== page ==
More sukuks in pipeline as markets improve
The Gulf has a substantial number of sukuks and bonds in the pipeline this year.
Even as the total volume of sukuks issued so far this year is much less than that in the same period last year, many issuers from the region are said to be working on capital market debt issues for the current year, said Henry Azzam CEO, Middle East and North Africa, Deutsche Bank.
"Last year, the volume was $31 billion (Dh113.86bn), which was double than 2008. So far this year, it is much lesser than the first quarter of last year. But we should remember last year was a record in terms of volume of bonds issued," he said.
"We expect that with improvement in the situation, markets in the region will encourage more companies to enter into stock markets. More importantly, it would also encourage more companies to go for rights issues, said Azzam.
He said projects worth over $500bn to $600bn are in the pipeline in the region. Funding of these projects could be difficult if they do not get bank funding.
"The government can segment these projects and phase them out on a longer time frame so that banks can year after year provide what is needed for developers in order for them to complete these projects."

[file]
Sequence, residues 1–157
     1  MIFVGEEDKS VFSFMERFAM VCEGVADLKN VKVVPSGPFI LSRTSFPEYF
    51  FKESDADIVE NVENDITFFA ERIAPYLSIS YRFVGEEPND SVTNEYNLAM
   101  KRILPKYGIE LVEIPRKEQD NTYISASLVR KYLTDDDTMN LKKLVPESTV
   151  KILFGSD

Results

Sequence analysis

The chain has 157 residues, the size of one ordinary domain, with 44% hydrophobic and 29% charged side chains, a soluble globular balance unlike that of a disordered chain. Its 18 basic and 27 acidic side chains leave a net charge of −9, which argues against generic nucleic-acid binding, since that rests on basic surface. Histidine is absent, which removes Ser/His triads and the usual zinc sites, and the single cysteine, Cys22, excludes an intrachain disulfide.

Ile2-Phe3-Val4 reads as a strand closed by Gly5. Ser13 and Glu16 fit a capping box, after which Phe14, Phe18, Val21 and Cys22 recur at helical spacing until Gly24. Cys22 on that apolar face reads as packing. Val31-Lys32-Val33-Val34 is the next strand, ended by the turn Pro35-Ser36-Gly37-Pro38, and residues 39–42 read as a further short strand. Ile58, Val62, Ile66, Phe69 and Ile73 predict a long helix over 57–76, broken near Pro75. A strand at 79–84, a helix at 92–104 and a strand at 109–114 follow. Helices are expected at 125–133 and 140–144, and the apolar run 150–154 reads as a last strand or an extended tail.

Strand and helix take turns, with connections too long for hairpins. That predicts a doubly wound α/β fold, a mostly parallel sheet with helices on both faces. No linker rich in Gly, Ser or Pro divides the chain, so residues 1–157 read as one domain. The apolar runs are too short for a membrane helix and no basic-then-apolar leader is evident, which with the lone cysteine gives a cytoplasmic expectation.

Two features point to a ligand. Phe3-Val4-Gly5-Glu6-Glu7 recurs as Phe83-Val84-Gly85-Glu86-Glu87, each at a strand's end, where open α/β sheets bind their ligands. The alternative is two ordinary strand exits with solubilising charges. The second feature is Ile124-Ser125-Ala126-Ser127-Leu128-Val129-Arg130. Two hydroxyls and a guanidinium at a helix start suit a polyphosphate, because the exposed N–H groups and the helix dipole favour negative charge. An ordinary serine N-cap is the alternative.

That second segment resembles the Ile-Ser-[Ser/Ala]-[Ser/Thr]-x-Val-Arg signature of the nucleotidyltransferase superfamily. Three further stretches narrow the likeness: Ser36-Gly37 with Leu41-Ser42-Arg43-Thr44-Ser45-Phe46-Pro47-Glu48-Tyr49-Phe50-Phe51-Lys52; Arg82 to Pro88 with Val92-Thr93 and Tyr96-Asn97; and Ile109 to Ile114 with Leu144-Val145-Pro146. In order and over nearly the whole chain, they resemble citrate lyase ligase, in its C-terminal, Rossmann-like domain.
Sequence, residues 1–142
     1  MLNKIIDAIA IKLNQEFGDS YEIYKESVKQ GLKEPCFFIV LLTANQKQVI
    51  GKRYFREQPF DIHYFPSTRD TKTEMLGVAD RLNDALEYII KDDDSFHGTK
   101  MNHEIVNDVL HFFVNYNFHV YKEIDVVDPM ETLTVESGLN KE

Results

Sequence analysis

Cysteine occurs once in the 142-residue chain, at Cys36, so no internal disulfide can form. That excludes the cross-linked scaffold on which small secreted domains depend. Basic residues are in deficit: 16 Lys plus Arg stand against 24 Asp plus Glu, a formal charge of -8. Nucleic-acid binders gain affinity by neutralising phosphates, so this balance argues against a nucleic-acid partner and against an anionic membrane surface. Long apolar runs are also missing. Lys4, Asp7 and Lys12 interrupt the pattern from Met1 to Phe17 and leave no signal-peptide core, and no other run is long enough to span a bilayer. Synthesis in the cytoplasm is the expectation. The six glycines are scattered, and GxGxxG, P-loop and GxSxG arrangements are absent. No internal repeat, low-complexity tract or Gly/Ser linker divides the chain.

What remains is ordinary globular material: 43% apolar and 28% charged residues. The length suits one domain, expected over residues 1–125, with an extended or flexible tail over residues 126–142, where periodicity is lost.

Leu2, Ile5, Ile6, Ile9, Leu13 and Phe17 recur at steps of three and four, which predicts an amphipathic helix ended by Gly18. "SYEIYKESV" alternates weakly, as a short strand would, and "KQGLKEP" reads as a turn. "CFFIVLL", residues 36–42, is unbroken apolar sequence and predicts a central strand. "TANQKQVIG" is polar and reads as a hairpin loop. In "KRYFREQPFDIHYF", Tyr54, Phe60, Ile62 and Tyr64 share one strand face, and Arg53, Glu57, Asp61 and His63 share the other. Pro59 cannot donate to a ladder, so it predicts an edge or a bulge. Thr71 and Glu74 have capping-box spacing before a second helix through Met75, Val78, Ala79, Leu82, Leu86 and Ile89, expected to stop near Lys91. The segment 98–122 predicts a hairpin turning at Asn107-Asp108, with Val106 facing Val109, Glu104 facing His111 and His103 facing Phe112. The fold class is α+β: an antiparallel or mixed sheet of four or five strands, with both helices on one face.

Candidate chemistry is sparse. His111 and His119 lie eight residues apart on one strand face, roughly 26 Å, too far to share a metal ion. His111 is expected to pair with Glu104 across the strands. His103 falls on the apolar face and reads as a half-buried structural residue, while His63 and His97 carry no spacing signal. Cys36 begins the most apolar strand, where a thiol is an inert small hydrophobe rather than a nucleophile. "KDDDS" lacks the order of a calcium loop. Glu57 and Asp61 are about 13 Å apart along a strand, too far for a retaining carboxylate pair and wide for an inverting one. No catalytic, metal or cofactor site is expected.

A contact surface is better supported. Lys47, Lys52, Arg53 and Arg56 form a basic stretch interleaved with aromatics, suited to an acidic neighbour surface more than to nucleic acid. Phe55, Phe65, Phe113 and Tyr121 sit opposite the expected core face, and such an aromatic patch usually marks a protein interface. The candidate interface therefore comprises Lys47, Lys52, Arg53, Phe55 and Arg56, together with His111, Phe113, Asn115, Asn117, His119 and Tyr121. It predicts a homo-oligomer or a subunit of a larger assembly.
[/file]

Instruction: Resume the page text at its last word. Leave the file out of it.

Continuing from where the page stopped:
International banks used to give loans to companies, banks in the region and to governments. They used to fill the gap between demand and supply but due to economic crisis, they have limited funds which has led to a gap, he said.
"I think most important way to fill this gap is what international banks such as Deutsche Bank are doing by creating a bond market that is developed which is an alternative market that provides the needed funding for a lot of companies."
Financial situation improving the region can expect larger number of companies entering stock markets, he added.
"The index for oil markets in the region from the beginning of the year until now increased by 9.5 per cent. This increase is much higher than the performance of indices in developing countries. So our markets had performed better than others. It should encourage larger number of companies to enter into stock markets and take into consideration the possibility of issuing stocks or increasing funding through rights issues," he added.
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